Sick computer? Let USC computing students fix it
By Page Ivey, email@example.com, 803-777-3085
When Ben Morgan was a youngster, growing up in the small South Carolina community of Blackstock, he loved to take apart the old computers his dad brought home from work. He just had a little trouble putting them back together.
As a senior computer engineering major at USC’s College of Engineering and Computing, Morgan has learned a lot more about successfully putting the pieces back together and has even built his own computer.
This weekend, Morgan will lead a team of about two dozen computing students as they help Columbia residents put their ailing computers back in working order.
"Everyone has an obligation to use their knowledge and abilities to help their community," said Michael Huhns, chair of the department of computer science and engineering. "For computer scientists and computer engineers, their knowledge of how a computer should work enables them to fix whatever might be wrong with one. A computer has become essential for almost everyone in our community."
Fix-It Day will be held from 9 a.m. to 3 p.m. Saturday (Oct. 12) at the Swearingen Engineering Center at 301 Main St.
Services will include virus and spyware removal, software installation, hardware diagnostics and general troubleshooting.
The USC student chapter of the Association for Computing Machinery — the oldest computer-related professional organization — is offering the free program. Morgan says the group hopes to make Fix-It Day a once-a-semester community service event.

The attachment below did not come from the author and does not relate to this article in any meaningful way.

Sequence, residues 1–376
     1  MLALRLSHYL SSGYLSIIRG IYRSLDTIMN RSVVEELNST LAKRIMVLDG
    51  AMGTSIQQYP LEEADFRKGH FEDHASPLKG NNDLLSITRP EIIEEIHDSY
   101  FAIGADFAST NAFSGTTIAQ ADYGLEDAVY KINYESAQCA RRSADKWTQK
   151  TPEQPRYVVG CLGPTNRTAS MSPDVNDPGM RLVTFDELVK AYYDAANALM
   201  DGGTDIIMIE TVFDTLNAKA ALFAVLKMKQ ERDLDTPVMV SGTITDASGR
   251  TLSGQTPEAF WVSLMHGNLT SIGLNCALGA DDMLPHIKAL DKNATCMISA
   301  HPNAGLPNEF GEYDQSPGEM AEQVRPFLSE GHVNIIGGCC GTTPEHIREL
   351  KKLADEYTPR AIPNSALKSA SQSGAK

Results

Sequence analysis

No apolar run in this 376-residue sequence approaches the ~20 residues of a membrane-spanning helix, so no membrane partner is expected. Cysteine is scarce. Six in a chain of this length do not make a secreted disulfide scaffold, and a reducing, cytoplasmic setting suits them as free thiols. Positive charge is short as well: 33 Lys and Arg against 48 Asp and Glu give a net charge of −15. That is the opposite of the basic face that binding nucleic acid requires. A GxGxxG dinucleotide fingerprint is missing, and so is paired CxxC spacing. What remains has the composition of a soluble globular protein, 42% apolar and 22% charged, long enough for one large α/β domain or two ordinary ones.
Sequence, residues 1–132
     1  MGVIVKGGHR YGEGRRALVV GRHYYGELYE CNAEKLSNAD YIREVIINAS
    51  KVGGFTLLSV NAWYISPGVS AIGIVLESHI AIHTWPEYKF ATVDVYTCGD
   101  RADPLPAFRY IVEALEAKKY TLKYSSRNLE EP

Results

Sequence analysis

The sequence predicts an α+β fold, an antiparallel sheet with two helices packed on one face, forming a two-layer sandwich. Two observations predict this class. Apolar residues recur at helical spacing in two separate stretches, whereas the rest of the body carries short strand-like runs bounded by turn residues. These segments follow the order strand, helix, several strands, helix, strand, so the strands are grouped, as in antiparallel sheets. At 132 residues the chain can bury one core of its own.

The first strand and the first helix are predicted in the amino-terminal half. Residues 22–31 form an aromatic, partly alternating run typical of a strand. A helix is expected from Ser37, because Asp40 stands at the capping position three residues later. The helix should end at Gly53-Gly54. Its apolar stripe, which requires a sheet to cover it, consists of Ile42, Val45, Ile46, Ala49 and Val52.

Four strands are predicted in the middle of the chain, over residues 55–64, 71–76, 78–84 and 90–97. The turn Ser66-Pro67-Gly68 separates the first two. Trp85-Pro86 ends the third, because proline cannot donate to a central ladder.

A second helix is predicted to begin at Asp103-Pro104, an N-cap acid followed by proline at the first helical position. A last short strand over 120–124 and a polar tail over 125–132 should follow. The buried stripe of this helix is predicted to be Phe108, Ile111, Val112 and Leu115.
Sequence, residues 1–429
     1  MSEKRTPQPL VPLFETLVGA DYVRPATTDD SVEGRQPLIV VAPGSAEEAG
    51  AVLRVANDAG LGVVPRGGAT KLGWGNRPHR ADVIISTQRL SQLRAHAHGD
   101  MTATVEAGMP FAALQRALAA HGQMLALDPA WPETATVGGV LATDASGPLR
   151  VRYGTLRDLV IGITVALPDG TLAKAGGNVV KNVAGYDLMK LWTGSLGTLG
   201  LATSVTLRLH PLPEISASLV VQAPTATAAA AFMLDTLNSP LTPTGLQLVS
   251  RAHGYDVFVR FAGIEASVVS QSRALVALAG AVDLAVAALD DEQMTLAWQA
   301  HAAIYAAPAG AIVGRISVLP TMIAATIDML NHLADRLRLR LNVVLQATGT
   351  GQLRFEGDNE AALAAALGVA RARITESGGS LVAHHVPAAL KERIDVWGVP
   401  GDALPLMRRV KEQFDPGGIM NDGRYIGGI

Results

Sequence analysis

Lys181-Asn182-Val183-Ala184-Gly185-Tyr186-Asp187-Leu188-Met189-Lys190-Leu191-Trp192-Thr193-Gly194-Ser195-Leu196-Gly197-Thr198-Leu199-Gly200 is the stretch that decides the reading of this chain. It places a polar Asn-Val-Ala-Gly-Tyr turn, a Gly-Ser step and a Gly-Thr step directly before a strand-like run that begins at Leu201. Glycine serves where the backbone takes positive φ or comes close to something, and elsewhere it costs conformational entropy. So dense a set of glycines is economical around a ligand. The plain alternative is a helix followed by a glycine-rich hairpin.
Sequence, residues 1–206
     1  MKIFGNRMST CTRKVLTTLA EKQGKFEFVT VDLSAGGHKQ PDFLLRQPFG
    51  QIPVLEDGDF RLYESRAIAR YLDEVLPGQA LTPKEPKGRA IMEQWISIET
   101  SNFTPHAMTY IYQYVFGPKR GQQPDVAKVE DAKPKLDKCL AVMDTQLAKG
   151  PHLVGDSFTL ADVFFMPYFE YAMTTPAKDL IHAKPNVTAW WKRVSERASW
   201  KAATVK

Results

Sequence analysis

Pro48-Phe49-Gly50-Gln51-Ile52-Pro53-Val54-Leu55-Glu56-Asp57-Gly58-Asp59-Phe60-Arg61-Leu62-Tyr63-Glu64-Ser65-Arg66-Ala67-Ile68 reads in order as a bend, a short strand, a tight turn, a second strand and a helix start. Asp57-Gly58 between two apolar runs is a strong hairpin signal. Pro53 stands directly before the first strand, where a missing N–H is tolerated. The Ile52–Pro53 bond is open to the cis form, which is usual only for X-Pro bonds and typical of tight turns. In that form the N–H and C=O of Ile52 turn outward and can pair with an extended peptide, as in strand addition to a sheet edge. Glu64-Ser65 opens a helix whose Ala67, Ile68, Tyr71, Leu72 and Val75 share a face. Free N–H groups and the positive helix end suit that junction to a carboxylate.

The last time the event was held, more than 300 people showed up with sick computers.
“We see everything from infected computers or simply user issues to hardware issues like the computer won’t turn on,” Morgan said. “The last time they did Fix-It Day, they had a person bring a computer that they said wouldn’t turn on. When they opened it up, it was full of ants.”
Morgan said he suspects that most work will focus on removing viruses and helping users choose free virus software to protect against future problems.
“A lot of issues just come from surfing the Web and a lack of knowledge about protecting the computers,” he said.
The students offer the caveat that they can’t fix everything and owners may have some data loss during the repair process. The team will try to work with Apple products, but has more experience working on Windows-based personal computers and laptops.
The team includes students from all computing areas of the college who have experience working in information technology departments as well as their classwork, and most have built their own computers.
Morgan’s specialty is hardware-level programming.
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